Technology's Impact On Practicing Law - Today And In The Future

Friday, December 1, 2006 - 00:00

Editor: What technology advances had the greatest impact on law departments in 2006?

Behnia: Today more than ever, the legal department directly affects overall business agility. An inefficient legal team can be a costly bottleneck in key decisions, whereas an optimized one can be a competitive differentiator. I see technology as the strategic enabler that helps the entire organization be more agile and competitive.

Consider first the financial services industry, which has been subject to a whole slew of new regulations requiring documented processes to ensure financial organizations prevent illicit transactions. The impact of non-compliance here is far greater than imposed penalties. Recently, OFAC suspended the M&A activity of a multinational financial services corporation because, although they had the proper controls in place at each subsidiary, they did not have a comprehensive system across multiple entities to prevent suspicious activities. The right technology, serving as their corporate legal backbone, would have enabled them to act swiftly and execute on strategic acquisitions.

Now, let's turn to the pharmaceutical industry, where Pfizer had the vision to leverage TeamConnect technology in its legal and global security offices to report, investigate and respond to counterfeiting and other security threats with unprecedented agility. In the case of Pfizer, agility in fighting counterfeiting is more than just good business - it saves lives by taking bogus drugs off the market.

Finally, consider litigation holds and the challenges that new requirements taking effect December 1 are likely to present. Many organizations have already deployed various discovery solutions, often fragmented and dealing with targeted aspects of the process. The very purpose for which these solutions were designed - quick and efficient record destruction - will soon be a compliance risk rather than a benefit. Organizations will require a new management system to oversee the entire discovery process and prevent the destruction of records that may be subject to legal hold.

O'Donnell: A big change is how legal departments are using technology to go beyond the typical emphasis on record-keeping and to become more actively involved. Law departments are busier than ever, and by far the biggest legal technology "relief" in 2006 has come from "active systems" - designed to provide critical reminders and alerts, shoulder part of the workflow, and simplify analysis and reports. At the heart of this new development is Bridgeway's emphasis on systems for work processes - such as hold order management, outside counsel management and litigation risk evaluation - equipped with customizable rules to provide richer, more meaningful information. In short, 2006 has seen technology take a more active role in helping busy professionals keep up.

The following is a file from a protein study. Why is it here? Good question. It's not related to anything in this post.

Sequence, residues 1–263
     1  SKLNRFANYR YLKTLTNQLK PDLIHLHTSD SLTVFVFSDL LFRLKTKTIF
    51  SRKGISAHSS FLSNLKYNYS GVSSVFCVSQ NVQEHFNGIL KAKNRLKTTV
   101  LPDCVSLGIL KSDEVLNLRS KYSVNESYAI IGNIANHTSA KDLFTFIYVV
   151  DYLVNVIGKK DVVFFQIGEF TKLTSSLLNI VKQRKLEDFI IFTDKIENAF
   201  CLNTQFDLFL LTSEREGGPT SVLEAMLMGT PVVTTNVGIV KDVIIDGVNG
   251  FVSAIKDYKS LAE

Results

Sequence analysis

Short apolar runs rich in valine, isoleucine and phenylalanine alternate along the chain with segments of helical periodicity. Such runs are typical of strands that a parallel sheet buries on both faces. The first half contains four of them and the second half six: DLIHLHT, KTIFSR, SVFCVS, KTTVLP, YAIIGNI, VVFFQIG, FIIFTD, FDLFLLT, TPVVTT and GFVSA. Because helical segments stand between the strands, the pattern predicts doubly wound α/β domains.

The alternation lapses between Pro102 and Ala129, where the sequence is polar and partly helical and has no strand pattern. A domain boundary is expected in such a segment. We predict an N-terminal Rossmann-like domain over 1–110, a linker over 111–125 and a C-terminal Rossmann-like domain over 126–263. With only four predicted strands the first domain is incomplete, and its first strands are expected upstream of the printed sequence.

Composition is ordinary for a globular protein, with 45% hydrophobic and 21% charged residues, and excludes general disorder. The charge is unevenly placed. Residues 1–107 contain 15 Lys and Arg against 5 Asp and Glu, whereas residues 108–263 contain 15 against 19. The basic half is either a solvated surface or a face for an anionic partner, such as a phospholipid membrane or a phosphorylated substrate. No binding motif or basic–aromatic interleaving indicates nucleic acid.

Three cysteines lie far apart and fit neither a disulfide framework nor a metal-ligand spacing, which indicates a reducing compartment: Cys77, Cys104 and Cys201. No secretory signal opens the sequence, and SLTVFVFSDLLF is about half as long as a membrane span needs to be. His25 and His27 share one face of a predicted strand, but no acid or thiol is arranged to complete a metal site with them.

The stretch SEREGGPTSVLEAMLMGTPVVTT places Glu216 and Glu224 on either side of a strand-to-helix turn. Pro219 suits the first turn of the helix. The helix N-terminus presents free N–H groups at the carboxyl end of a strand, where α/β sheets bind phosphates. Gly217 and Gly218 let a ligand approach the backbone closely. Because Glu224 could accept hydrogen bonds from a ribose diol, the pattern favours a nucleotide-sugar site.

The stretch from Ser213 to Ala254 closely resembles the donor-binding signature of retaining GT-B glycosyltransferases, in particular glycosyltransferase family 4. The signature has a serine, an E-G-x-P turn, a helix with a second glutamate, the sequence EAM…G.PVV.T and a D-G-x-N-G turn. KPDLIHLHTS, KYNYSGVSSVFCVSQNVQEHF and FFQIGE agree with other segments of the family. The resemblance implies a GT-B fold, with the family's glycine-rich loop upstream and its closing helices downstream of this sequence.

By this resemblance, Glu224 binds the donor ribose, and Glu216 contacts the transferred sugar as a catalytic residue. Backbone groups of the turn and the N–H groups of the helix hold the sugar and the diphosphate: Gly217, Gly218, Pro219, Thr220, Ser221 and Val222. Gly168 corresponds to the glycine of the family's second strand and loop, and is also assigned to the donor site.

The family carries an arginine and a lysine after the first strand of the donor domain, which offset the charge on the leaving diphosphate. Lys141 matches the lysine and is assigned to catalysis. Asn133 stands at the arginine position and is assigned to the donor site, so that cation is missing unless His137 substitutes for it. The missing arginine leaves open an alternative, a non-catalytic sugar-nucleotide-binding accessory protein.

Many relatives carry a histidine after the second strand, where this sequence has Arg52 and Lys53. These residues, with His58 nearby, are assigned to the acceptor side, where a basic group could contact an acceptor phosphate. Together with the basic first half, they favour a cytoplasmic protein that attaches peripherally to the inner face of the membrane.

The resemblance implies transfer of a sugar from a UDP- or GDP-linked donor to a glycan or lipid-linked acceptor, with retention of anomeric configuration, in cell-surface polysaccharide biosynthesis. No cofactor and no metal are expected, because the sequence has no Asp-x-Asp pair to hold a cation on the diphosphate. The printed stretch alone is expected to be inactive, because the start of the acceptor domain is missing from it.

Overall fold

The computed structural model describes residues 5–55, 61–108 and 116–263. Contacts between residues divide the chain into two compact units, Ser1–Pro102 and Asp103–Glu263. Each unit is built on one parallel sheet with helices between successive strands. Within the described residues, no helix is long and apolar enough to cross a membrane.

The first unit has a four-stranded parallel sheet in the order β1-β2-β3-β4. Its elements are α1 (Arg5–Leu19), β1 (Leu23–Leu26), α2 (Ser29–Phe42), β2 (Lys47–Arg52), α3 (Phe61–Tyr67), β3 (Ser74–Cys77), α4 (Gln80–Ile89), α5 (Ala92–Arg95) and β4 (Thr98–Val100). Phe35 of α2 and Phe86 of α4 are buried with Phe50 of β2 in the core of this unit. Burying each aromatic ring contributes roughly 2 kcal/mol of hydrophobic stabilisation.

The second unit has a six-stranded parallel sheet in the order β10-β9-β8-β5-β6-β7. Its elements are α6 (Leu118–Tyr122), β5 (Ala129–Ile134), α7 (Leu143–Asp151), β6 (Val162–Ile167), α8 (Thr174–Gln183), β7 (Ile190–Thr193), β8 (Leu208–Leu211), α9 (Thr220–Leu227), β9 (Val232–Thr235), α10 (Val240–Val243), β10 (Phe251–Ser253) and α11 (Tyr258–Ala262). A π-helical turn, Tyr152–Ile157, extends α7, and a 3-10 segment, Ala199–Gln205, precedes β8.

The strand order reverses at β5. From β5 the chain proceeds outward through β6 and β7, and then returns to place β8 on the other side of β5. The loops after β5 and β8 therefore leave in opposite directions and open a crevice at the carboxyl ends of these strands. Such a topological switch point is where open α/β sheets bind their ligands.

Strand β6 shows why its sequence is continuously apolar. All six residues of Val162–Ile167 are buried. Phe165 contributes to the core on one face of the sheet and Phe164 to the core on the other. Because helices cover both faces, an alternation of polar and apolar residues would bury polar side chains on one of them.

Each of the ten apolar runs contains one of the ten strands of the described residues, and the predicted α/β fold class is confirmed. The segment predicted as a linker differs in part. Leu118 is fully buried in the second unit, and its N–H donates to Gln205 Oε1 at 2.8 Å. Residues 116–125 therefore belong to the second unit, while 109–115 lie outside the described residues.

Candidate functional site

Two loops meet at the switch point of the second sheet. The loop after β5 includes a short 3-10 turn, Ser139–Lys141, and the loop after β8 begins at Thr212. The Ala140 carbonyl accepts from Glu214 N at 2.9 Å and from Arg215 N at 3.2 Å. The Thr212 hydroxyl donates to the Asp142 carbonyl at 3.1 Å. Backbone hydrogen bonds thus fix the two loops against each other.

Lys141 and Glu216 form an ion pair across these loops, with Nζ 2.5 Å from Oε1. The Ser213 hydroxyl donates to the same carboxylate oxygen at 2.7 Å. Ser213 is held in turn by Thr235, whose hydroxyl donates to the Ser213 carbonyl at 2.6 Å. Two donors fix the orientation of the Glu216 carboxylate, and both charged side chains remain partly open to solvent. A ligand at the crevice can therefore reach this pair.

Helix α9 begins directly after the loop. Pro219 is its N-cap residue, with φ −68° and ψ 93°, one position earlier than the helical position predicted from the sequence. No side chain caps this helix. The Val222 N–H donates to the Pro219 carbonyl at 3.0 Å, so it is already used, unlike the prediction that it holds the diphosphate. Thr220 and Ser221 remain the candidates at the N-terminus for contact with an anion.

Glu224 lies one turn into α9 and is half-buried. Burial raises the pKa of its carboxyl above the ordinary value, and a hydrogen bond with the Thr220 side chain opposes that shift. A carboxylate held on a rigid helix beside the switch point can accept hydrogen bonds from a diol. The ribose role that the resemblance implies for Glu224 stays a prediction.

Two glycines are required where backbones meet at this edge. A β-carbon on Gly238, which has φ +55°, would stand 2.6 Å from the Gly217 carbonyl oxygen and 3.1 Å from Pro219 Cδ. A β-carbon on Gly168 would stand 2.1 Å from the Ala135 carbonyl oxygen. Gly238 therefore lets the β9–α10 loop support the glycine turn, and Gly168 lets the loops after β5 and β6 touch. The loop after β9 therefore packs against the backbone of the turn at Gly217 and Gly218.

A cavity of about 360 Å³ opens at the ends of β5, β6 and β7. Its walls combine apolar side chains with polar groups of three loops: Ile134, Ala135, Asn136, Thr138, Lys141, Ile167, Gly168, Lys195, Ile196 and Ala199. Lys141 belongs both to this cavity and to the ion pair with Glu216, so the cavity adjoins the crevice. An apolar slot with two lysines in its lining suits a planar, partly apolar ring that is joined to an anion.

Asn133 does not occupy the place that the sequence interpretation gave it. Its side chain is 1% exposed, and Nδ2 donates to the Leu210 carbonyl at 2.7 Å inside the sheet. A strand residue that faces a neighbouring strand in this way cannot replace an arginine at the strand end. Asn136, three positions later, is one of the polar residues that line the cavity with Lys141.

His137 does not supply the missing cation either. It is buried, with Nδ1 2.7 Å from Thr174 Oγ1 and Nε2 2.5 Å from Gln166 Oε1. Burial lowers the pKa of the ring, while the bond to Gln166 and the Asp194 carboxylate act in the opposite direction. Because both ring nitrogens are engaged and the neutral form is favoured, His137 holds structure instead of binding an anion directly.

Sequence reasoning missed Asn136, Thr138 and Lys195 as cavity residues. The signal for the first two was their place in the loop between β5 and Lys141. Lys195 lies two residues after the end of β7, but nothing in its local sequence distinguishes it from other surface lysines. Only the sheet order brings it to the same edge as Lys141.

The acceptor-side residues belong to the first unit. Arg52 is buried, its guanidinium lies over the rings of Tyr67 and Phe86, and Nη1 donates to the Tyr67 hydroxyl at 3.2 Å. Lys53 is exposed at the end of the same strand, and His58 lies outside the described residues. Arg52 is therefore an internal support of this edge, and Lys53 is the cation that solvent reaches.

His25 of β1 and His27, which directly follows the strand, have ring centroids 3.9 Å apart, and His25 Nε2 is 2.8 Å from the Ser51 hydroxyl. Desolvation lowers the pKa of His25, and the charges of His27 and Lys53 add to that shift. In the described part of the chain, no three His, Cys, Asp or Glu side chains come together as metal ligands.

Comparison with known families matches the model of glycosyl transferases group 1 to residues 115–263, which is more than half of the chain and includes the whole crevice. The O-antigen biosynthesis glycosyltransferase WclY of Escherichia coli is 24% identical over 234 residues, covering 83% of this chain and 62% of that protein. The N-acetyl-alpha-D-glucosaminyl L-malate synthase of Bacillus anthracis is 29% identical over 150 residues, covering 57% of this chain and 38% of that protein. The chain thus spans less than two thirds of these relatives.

Weaver: I would say hands down, extranets and portable devices. Lawyers are now more connected than ever before. Many law departments have implemented Internet technology that allows them to share case-specific information with their outside counsel - in essence, creating a virtual on-line law firm. The use of cell phones, laptops with wireless Internet connections and extranets have increased counsel's ability to respond to pertinent work issues from any location. To add to this, the BlackBerry became one of the hottest items this year. It allows users to connect to their extranets where they can download various case-specific documents and data, receive and respond to email, and conduct conference calls via the built-in cell phone feature. In the quarter ended on June 3, 1.2 million BlackBerries were shipped, increasing the number of subscribers from 680,000 to 5.5 million. Corporate America has definitely become a more connected society.

Editor: How do you see technology advances impacting law departments in the coming year?

O'Donnell: Predictive, risk-analysis and decision-making tools are taking hold as performance metrics and outside counsel management become increasingly important to general counsel. Notifications and compliance will become less passive and more active. Technology will pull them into a more collaborative environment with both their outside counsel and their internal clients. Virtual alarm bells will automatically go off when certain things happen or fail to happen. By integrating legal software with email, calendars and other systems such as accounts payable, tax and human resources, law departments will become more vigorously involved across the spectrum - in specific cases, comprehensive compliance efforts and throughout their organizations as a whole.

Weaver: Because of the great strides made in web-based services, law departments will be seeking more ASP solutions to create a better means of communicating with their outside counsel. The biggest impact will be for smaller law departments who have not embraced new technology, mainly because of the cost. Fortune 500 companies have the means to implement extranets and purchase portable devices, but smaller companies feel the pinch of the cost for these services. In the coming years, more Fortune 1000 companies will seek extranets to streamline their legal management process. There are now vendors offering lower cost structures for these services so that the smaller companies can reap the benefits that larger companies have already been enjoying. One thing is for certain, more and more law departments are seeking web-based solutions. The demand is high, and technology companies who previously did not have a web-based solution are quickly moving in that direction.